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America Is Stuck With the Death Penalty for (At Least) a Generation

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With Justice Anthony Kennedy's retirement, the national fight to abolish capital punishment will have to go local.
When the Supreme Court revived capital punishment in 1976, just four years after de facto abolishing it, the justices effectively took ownership of the American death penalty and all its outcomes. They have spent the decades since then setting its legal and constitutional parameters, supervising its general implementation, sanctioning its use in specific cases, and brushing aside concerns about its many flaws.
That unusual role in the American legal system is about to change. With Justice Anthony Kennedy’s retirement from the court this summer, the Supreme Court will lose a heterodox jurist whose willingness to cross ideological divides made him the deciding factor in many legal battles. In cases involving the Eighth Amendment’s prohibition against cruel and unusual punishment, his judgment often meant the difference between life and death for hundreds of death-row pr…

Florida seeks death penalty for Miami mom whose baby died from scalding bath

Christina Hurt
A Homestead mother accused of killing her toddler in a burning-hot bath could face the death penalty after a grand jury indicted her for first-degree murder and aggravated child abuse.

Christina Hurt, shackled and in a jail jumpsuit, appeared in court Friday to plead not guilty as prosecutors announced the upgraded criminal charge in the January death of 1-year-old Ethan Cooley.

Hurt, who had a long and troubling history of abusing her children, is accused of refusing to take Ethan to a hospital after he suffered burns in the bathtub. She claimed to police that her 10-year-old daughter put Ethan in the hot bath, causing him "severe burns" and "peeling skin."

But Hurt did not seek medical help for the baby, instead calling friends to ask "about remedies on treating burn injuries," according to an arrest report.

The child suffered overnight, throwing up, and became "lethargic" the next day as she took her other children to school — even bypassing Homestead Hospital, police said.

Neighbors and friends urged Hurt to call 911, but she "adamantly refused" for fear that child welfare authorities would take the boy from her. That morning, a neighbor called 911 after seeing the child had "become unresponsive," the report said.

Hurt was initially charged with aggravated child abuse and manslaughter. The latter charge was upgraded to second-degree murder before prosecutors took the case to the grand jury on Wednesday.

In Miami, prosecutors uniformly seek the death penalty on all cases of first-degree murder. The cases are then reviewed by a panel of senior prosecutors, who recommend whether the death penalty should be waived; State Attorney Katherine Fernandez Rundle ultimately decides whether to continue seeking execution as punishment.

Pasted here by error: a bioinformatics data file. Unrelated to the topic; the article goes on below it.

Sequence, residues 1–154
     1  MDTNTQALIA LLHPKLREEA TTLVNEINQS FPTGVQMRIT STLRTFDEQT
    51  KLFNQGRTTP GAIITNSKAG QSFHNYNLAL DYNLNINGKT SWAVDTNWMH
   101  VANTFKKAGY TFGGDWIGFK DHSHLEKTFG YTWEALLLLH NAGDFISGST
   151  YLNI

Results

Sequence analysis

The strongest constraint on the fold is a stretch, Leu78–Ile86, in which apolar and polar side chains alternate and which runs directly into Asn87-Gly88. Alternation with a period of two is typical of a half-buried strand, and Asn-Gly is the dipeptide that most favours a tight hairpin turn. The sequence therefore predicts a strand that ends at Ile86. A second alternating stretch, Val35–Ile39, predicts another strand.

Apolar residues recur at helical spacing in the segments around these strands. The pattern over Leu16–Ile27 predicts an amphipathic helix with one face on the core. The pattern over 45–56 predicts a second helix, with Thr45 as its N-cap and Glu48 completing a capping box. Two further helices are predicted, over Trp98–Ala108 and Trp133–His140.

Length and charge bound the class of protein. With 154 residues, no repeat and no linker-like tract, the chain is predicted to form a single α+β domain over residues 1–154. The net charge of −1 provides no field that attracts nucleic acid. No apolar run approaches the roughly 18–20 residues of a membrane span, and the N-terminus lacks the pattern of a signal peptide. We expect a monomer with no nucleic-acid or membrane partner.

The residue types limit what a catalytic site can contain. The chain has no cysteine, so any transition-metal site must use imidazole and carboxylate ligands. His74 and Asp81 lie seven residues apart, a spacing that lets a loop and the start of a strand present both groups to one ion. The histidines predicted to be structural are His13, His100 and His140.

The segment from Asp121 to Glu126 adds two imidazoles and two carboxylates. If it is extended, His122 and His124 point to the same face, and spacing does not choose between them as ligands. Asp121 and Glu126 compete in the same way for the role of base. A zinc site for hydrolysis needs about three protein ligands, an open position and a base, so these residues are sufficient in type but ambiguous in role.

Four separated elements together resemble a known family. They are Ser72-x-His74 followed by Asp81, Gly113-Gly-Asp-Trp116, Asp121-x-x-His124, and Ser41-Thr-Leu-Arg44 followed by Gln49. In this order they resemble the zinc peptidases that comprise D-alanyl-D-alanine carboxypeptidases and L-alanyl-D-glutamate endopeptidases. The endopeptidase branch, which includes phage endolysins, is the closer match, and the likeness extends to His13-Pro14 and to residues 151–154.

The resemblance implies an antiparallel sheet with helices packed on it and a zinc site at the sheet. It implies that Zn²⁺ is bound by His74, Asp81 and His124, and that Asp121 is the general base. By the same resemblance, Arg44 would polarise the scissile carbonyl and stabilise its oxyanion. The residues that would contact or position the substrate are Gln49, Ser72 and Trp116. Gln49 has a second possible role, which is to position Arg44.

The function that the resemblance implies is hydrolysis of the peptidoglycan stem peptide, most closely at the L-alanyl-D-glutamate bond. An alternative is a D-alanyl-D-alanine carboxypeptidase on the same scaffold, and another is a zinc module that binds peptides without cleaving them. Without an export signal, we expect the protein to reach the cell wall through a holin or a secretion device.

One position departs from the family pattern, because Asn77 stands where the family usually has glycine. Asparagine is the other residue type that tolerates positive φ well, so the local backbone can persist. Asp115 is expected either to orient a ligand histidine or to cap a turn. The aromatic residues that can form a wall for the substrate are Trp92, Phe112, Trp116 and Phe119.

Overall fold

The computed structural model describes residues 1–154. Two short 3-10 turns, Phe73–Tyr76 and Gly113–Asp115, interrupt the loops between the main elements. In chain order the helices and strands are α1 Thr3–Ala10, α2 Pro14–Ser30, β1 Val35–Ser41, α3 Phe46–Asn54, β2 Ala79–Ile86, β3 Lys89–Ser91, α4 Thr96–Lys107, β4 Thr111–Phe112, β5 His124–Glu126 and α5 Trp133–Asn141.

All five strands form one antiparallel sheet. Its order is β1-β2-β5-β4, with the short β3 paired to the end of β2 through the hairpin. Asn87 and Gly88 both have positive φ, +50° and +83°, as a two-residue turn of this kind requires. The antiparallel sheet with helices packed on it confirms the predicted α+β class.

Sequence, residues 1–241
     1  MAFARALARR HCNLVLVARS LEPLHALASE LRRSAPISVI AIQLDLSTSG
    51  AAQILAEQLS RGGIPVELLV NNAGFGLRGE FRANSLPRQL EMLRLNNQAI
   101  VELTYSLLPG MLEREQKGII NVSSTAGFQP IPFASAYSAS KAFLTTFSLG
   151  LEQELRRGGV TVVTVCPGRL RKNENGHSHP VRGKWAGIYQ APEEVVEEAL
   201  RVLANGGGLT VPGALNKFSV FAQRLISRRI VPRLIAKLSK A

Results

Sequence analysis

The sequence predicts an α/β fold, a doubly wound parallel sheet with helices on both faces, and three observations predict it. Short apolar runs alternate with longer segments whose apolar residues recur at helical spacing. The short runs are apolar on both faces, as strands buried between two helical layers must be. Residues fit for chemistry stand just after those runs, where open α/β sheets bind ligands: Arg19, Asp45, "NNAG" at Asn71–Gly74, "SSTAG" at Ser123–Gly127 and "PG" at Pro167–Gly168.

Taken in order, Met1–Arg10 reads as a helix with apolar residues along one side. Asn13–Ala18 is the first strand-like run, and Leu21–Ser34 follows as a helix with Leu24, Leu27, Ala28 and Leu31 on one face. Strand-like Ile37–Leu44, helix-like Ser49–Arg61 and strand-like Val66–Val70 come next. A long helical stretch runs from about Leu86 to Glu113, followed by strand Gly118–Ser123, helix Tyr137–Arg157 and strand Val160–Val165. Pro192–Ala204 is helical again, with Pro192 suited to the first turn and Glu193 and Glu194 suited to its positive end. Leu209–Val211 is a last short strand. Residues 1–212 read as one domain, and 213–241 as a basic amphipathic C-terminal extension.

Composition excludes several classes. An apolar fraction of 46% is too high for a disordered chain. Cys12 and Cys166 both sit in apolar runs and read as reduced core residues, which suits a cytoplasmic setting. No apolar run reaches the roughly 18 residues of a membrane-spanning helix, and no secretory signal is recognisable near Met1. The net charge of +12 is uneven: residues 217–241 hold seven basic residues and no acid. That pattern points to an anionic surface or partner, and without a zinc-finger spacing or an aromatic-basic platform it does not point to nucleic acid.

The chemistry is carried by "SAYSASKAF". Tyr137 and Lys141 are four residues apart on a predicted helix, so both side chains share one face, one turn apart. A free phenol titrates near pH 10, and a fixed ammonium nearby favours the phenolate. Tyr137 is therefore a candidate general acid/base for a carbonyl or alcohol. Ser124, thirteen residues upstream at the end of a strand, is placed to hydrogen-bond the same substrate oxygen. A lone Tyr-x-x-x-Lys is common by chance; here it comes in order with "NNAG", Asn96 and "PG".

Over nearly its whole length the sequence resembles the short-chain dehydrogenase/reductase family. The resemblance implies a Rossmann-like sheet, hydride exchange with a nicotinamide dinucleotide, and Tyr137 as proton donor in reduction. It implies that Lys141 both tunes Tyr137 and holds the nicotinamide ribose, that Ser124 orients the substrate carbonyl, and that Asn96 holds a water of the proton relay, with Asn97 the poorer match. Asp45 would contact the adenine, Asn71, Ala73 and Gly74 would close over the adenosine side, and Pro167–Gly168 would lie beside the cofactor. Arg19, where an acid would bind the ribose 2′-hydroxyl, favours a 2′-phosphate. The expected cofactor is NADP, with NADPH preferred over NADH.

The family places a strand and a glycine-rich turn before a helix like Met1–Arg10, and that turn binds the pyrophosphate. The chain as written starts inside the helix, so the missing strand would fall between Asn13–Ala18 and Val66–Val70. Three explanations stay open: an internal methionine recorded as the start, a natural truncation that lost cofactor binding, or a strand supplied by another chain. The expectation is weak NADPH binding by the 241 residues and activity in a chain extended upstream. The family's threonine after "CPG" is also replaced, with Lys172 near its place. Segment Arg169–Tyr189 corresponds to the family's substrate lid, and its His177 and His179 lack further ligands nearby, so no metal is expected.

Medical experts believe Ethan's injuries "were not consistent" with Hurt's story to police, leading a judge to approve a search warrant. In May, experts entered the property to do "additional measurements and tests" on the bathtub and water heater, according to the warrant.

Hurt was no stranger to Florida's Department of Children and Families.

Even before Ethan was born, she had twice lost custody of her five children.

The first time came in July 2014, when her then-3-year-old daughter was diagnosed with a skull fracture and a gash on her scalp. Hurt took the girl to school with a bow on her headcovering an oozing wound. The girl told authorities her mother pushed her off a bed when she wet the sheets. Hurt claimed the girl simply fell.

A judge eventually ordered Hurt's children returned to her, despite a recommendation from DCF that they remain under state care because of "Ms. Hurt's inability to safely care for and meet the needs of her children," according to state records.

But the children were taken away again in June 2015, after more reports of instability and abuse. A judge again ordered the children returned to Hurt in 2017, although they remained under the supervision of DCF.

After Ethan's death in January, DCF completed an investigation that concluded that the entire child-welfare system failed Ethan, including a rookie therapist who insisted Hurt be reunited with her children, abuse investigators and the Miami-Dade judge who allowed the kids to be returned to her.

Source: miamiherald.com, David Ovale, June 15, 2018


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"One is absolutely sickened, not by the crimes that the wicked have committed,
but by the punishments that the good have inflicted." -- Oscar Wilde

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